Notice that the hands in the first dial shot appear to be Orange? They are actually White, something that we’ll explain shortly.
As mentioned above, the Daytona was only sold on a stainless steel bracelet. These integrated bracelets look good, but can be fragile at the point where the bracelet meets the case, leaving few options for owners if they break.
The bracelet is fitted with an adjustable clasp. meaning that you can make small adjustments to the bracelet without removing links- simply move the anchoring point of the bracelet along one of the pin holes you see below. It’s a simple system, but a very useful one.
Powering the Daytona is Heuer’s own Calibre 12 Chronomatic movement, first launched as the Calibre 11 movement in the Monaco, Carrera and Autavia models in 1969.
Keen observers will notice that this is a rare example of the Calibre 12 that features all silver components, whereas most Calibre 12s feature Gold coloured plates and bridges. Our good friend Abel Court (take a look here if you are not familiar with Abel’s work) who took these photos, estimates that he has seen only ten Silver-coloured Calibre 12 movements over the last 10 years.
The movement sits behind a case back that also takes its inspiration from that offered on the Chronosplit, including the reference number and serial number being engraved on the caseback.
Heuer Daytona Ref 110.203B
The Blue Daytona is the most common- and most coveted- model, with the beautiful dark blue dial contrasting with the stainless steel case and hands. Both dial colours offer a Black inner tachy flange, which frames the dial neatly.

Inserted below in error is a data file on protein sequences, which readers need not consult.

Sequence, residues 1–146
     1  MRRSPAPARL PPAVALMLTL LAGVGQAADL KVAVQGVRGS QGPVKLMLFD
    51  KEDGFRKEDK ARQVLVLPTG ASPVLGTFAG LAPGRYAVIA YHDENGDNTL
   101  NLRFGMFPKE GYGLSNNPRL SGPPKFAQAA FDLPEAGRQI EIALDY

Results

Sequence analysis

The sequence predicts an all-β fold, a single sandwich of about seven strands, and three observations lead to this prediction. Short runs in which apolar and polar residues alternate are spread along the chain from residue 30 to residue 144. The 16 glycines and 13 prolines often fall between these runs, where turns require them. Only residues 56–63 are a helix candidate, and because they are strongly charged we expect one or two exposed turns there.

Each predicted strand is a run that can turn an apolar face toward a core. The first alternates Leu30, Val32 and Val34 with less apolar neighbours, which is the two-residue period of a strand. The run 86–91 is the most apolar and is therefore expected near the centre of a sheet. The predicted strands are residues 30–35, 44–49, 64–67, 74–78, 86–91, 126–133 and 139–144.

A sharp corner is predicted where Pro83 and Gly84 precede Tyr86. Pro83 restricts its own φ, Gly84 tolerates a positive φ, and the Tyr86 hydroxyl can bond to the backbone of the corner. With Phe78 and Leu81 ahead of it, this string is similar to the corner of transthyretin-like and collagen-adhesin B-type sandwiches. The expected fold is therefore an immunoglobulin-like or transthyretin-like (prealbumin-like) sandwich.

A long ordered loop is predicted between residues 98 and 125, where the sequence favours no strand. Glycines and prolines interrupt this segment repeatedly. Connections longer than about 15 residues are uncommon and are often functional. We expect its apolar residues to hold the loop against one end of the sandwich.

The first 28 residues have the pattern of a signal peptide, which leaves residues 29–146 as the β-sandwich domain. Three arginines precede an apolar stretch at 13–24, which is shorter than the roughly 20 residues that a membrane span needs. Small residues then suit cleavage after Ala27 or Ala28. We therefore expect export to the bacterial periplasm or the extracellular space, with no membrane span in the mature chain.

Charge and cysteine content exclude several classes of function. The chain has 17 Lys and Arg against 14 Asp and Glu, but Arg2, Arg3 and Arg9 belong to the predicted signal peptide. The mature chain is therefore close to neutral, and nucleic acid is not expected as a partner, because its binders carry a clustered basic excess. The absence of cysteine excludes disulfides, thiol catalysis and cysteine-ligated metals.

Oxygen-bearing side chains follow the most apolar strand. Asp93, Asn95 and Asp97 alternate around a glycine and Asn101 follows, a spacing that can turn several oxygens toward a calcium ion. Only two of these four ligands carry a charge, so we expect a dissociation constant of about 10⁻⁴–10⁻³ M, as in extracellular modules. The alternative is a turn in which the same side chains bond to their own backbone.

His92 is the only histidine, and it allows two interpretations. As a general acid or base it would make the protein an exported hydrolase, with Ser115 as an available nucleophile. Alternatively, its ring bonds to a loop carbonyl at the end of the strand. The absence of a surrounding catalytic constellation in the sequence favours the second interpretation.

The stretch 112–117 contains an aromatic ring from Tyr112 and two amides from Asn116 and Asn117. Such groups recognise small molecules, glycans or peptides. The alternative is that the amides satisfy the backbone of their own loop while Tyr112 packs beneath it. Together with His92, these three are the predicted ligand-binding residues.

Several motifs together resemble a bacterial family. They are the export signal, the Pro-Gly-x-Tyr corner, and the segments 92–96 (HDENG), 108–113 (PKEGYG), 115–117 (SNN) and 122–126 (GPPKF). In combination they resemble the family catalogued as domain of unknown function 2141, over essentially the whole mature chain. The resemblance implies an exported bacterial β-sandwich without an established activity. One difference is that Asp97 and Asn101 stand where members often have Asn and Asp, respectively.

The Midnight blue dial is our favourite of the Daytona models- a classy looking watch.
Heuer Daytona Ref 110.203F
The Fume model is less common that the Blue and has a similar colour dial to the Silverstone, but without the starburst finish. The fume models are harder to find, especially in good condition.
Collecting the Daytona
The Heuer Daytona remained part of the Heuer range from 1976 through to 1980 when both dial colours were discontinued. Despite the attractive looks, Jack Heuer tells us that the Daytona was “certainly not a flop, but not a major success either“. It suffered from the low-priced quartz competitors, just as with all mechanical watches in the late 1970s.
While the Daytona may be part of the “second tier” of collectable vintage Heuers, part of the problem with collecting the Daytona is the challenge of finding one in good condition.
The main problem is the condition of the dial and hands. Notice that one of the Blue watches in the story looks to have creamy Orange hands and hour markers (such as the example above)- despite this appearance both parts were White when new. It’s not an unattractive patina, but for some reason the hands on the Daytona seem to suffer from ageing more than most vintage Heuers.
Likewise, many Daytona dials suffer from damaged dials, mainly due to pitting as the dial oxidises. You can see a fairly typical example of this in the watch above.
It’s not clear whether the culprit here is the flush-fit plexi crystal not being as airtight as it should be, or whether there were issues with the dials as they were manufactured.
Either way, watches that suffer from these issues are not unattractive, but it does make finding a perfect example very difficult. If you can find a Daytona in good condition, then it makes a great addition to any Heuer collection, and offers great value for money relative to some of the better known vintage Heuers.
A big thanks to the vintage Heuer community for sharing the great photos in this post- Abel Court and David Devos for their Blue Daytonas. Thanks also to Jack Heuer for taking the time to talk about the Daytona.